“The papacy but not this pope” is a further step. Beginning with Gerson, Gallicanism attempted this step (with the best of intentions, theologically) by trying to differentiate between the sedes, which is indefectible, and the sedens, who is not. This approach was mistaken and impracticable from the outset, as de Maistre pointed out. Gasser, in his final address at Vatican I, emphasized that infallibility is not a prerogative of an abstract papacy but of the pope actually reigning.

[4] As usual, no names in these cases. I leave it to God to assess the culpability of individuals. I just try to point out dangers.

[5] This is why I am cautious about joining in on the attacks some defenders of the Pope make against these high ranking Churchmen. Since some supporters of the Pope misrepresent him to bolster their own ideology, it’s possible that these Churchmen’s supporters are doing the same. I might say on my blog Facebook page that I fear that Cardinal X’s words are dangerous, but I try to avoid violating the Golden Rule in doing so.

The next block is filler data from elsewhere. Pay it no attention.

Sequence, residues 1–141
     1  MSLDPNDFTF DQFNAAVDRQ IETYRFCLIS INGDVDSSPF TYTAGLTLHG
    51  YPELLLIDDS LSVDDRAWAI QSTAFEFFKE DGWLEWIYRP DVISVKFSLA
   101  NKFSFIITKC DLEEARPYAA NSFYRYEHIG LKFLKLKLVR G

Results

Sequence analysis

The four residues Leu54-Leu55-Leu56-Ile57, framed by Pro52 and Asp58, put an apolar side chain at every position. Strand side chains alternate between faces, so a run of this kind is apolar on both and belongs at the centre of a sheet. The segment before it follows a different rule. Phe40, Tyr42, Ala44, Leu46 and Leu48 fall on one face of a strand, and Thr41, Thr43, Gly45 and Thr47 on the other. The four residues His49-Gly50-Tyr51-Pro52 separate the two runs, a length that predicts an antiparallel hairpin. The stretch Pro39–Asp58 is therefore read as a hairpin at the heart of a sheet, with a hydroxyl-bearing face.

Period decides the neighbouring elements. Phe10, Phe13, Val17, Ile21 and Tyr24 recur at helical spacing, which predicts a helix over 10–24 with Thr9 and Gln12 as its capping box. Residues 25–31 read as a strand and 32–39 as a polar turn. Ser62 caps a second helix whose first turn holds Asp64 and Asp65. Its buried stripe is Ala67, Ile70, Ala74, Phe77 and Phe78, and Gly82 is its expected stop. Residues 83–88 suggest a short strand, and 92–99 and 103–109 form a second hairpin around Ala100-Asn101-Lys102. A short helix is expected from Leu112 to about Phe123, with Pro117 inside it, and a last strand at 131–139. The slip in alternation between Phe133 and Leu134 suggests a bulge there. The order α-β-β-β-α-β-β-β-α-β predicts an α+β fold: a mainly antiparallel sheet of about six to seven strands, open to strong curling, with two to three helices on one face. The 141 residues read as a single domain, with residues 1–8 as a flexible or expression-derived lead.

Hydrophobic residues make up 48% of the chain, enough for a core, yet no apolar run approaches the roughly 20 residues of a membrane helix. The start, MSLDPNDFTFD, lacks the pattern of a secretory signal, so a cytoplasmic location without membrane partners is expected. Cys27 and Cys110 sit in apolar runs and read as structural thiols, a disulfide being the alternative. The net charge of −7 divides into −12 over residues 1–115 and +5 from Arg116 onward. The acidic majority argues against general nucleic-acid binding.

That doesn’t mean I give a free pass to what they do say. I recall favoring one cardinal to become Pope in 2013 (I had never heard of Cardinal Bergoglio then), but the experience of the past six years leads me to believe he would not have been a good choice.

2 comments:

  1. Hello David, my name is Patrick. I have gotten into a conversation with somebody on this subject that is more educated than I and has separated himself in the Catholic church to become an old Catholic. I am trying now to save this man's heart and his soul then to beat him in a discussion on theology on this subject. I need somebody who is more learned than I who to help. Please email me so we can talk further on this subject if you were willing to help me. The discussion is taking place on the welcome home network. Thank you, and I plan to be a regular person on your blog here so it'll be a pleasure getting to know you and talking with you. May God bless you and I hope to hear from you.

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    1. I don’t like to give out my email in public. But I can be messaged through my Facebook blog page.